Help your reader develop their Background Knowledge skills using the books, tips and activity in this kit!
Background Knowledge is everything readers know before they start to read. All of the vocabulary and concepts they already know will help when they try to decode and comprehend new words and ideas. Help your reader build background knowledge by introducing new ideas and experiences--and then talking about them.
eBooks (always available on OverDrive with your Denver Public Library card)
- Goalkeeper Goof by Cari Meister
- Buzz Plays Soccer by Cecilia Minden
- Go Plane! by Czeena Devera
- The Case of the Big Fish by Cecilia Minden
Click here for help using OverDrive
- Connect - Make real world connections to familiar things as you read. Share your memories and thoughts when you see something you know. Invite your reader to do the same.
- Explore - Introduce new vocabulary by exploring the glossary of a nonfiction book together before reading the text. Point out new words as they come up.
- Talk - Discuss the features of a nonfiction book (table of contents, glossary, maps) and how they make it easier to find information.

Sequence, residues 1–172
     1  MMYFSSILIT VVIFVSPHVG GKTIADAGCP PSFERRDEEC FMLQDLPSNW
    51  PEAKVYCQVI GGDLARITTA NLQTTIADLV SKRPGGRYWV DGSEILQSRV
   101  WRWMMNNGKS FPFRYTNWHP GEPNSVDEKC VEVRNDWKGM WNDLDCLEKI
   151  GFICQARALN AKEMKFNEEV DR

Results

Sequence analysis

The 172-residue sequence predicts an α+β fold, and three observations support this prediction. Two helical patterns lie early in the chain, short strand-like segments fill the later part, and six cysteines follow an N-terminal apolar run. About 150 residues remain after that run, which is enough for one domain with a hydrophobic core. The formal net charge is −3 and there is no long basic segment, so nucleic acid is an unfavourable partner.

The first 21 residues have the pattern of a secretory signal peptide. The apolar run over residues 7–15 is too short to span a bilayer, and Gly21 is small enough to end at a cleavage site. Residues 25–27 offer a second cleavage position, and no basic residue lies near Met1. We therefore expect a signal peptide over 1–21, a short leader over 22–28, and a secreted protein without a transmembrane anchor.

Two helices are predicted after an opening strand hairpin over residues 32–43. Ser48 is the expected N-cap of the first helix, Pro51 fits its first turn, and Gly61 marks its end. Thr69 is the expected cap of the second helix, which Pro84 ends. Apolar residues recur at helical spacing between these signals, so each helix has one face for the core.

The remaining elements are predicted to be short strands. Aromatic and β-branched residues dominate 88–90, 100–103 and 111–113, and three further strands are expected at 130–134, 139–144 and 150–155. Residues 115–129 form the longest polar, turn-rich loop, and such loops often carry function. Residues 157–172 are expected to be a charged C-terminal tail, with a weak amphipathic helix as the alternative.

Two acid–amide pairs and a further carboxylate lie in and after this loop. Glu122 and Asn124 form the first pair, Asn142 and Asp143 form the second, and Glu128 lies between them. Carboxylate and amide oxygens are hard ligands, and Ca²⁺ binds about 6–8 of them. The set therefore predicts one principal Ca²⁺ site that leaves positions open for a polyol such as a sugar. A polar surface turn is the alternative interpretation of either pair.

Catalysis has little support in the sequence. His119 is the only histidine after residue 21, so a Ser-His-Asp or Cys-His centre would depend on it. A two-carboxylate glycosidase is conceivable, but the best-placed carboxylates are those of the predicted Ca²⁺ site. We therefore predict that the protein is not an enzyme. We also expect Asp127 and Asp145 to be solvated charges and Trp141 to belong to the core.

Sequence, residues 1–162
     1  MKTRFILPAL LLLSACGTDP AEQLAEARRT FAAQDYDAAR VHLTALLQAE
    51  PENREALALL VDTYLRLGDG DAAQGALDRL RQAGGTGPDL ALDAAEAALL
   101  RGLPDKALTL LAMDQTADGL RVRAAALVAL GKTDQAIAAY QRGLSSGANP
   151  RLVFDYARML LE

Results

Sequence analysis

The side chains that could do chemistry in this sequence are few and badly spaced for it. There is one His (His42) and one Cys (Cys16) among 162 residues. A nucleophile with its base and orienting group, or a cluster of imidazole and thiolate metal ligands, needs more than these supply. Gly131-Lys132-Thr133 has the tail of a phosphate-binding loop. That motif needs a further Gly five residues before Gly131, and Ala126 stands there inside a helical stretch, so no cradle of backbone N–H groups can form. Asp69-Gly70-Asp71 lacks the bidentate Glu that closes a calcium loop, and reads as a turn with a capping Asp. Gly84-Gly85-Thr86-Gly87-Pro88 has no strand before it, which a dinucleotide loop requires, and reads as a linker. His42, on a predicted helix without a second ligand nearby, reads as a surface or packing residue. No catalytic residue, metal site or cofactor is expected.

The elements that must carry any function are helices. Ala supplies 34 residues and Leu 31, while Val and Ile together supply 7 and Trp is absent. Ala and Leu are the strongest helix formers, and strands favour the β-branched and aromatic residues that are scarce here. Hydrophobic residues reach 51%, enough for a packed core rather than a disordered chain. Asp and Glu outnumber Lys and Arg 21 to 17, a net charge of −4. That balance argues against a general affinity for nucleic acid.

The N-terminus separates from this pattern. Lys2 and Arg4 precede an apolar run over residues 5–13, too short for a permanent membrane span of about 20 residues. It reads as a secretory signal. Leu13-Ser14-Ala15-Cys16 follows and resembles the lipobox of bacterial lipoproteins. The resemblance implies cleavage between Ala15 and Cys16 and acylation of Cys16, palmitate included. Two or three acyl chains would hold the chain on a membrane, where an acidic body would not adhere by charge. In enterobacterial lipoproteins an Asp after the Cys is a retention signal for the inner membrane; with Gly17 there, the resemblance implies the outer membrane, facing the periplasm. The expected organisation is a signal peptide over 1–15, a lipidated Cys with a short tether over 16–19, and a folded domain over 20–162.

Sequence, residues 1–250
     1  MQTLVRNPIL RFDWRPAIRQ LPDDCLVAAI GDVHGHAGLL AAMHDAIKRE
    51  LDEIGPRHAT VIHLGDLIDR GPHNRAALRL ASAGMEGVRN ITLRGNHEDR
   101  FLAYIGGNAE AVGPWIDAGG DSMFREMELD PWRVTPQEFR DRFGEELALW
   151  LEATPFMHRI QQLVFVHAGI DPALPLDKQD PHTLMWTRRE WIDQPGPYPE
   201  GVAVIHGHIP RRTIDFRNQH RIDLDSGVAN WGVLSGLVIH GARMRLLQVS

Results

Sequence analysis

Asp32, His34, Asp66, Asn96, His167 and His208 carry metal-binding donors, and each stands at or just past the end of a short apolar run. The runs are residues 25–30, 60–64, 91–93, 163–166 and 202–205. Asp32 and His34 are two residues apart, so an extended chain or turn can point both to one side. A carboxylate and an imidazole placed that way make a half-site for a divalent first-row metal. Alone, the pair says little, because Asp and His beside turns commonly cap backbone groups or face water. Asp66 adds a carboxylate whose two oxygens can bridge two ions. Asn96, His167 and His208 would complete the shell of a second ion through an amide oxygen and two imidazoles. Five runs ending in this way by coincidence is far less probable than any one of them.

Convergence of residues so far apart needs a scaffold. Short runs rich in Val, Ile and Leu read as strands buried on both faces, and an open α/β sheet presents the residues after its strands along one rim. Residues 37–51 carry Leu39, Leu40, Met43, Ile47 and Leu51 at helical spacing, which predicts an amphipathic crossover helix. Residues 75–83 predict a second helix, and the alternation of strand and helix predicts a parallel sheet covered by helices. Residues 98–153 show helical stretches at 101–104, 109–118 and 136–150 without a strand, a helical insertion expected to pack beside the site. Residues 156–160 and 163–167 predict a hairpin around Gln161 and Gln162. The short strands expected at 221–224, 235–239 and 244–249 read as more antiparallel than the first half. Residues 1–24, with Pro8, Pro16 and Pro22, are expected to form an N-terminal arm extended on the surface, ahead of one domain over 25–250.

- Expand - Use your library card for free access to museums or cultural institute to expand your reader’s worldview.
- Write - Fold pieces of paper in half and staple them to make a book. Ask your reader to write a story and add pictures.
- Look It Up - Let your reader see you use a dictionary. Say, "Hmm, I'm not sure what that word means... I think I'll look it up."
- Read Aloud - Continue reading aloud to your new reader to expose them to richer vocabulary and more complex concepts.
- Personalize - Looking for more great books for your developing reader? Request a Personalized Reading List at www.denverlibrary.org/reads.
Listen to some of the songs in the playlists provided, or revisit some of your favorites to use with the following activities:
- Spotify Playlist
- YouTube Playlist
- Talk about the ways topics in songs relate to your lives.
- Discuss unknown words and concepts that come up in songs or look up their definitions. Does knowing them change what you think about the song?
- If something makes you laugh, talk about why you thought it was funny.
- If there’s a part of the song you cannot make out the lyrics for, look them up. Read through and listen to the song again. Can you hear it now?
- Why do you think the musician wrote the song?